The number one priority of our Army today is readiness and one key component of readiness is Soldier deployability. The Army is preparing to launch a suite of new tools to help leaders manage the medical readiness and deployability of Soldiers. Munson Army Health Center is taking all measures to make sure that providers and support staff are trained on the new policies, procedures and profiling system that will go into effect on June 1. Dianna Wolfe, Munson's Medical Readiness Care Coordinator, is conducting trainings for the medical staff and commanders on Fort Leavenworth. "There are some big changes that soldiers need to be aware of. With the new implementations, temporary profiles will no longer have built in recovery time and permanent profiles that are currently in the profile system will need to be rewritten within the next 15 months." said Wolfe. "In addition, with the new temporary profiles the Soldier may be able to take an APFT while on profile." Ms. Wolfe said.
Profiles are a form of communication between the health care provider and the unit Commander. Ms. Wolfe stated that "the profiles are no longer recommendations to the Commander; they are instructions from the provider. This is a huge change for the Commanders."
Another big change is the introduction of the Commander's portal that will allow Commanders and senior NCOs to have better visibility on their Soldier's deployability. After June 1, Commanders can view all essential readiness information in one convenient portal. "The commander's portal is intended to be a one-stop shop for medical readiness and deployability information. Command teams will have the ability to see their unit and their Soldiers in ways that previously required homegrown spreadsheet trackers or stubby pencil tracking." Unit leaders will also have the ability to contact the profile writers directly through the portal. Training on the use of the Commander's portal is also underway by trainers in units across the installation. The initial roll out will allow company command teams to see their formations while subsequent roll-outs will provide a view on larger units such as battalions and brigades.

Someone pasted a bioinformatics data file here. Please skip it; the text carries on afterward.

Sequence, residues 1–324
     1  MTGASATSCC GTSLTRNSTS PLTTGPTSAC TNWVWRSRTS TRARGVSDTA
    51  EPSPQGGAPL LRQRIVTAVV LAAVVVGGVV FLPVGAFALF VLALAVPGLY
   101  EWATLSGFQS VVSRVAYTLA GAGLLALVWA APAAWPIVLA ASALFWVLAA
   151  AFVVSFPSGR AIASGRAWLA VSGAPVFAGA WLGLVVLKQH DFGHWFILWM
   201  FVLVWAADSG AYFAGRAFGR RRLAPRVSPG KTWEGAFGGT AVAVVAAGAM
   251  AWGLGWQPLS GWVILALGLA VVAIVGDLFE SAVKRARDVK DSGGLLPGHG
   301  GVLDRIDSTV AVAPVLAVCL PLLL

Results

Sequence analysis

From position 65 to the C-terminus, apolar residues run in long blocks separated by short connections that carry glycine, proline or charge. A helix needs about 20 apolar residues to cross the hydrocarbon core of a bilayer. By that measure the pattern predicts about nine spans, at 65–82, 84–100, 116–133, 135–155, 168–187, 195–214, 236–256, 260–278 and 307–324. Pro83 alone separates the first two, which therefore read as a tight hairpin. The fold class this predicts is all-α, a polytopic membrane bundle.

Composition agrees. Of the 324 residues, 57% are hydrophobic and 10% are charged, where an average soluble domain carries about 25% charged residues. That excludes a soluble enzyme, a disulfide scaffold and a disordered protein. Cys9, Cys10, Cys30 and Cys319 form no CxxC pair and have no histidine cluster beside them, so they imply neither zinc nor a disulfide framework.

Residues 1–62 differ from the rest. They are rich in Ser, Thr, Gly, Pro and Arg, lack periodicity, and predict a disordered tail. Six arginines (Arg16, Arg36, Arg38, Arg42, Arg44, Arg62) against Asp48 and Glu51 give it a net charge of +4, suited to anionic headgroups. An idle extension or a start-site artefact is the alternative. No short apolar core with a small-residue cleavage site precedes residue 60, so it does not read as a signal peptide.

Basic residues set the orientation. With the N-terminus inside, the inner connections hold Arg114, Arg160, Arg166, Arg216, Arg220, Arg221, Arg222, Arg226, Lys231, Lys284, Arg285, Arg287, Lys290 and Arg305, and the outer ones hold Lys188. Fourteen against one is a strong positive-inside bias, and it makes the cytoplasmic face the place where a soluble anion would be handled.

Training will continue until June 1 for the medical teams and the Commanders. "This is a culture change in the Army and the medical community, resulting in better communication, better visibility of the Soldier's medical deployability status and this change will ultimately improve the wellbeing of the soldier." added Ms. Wolfe.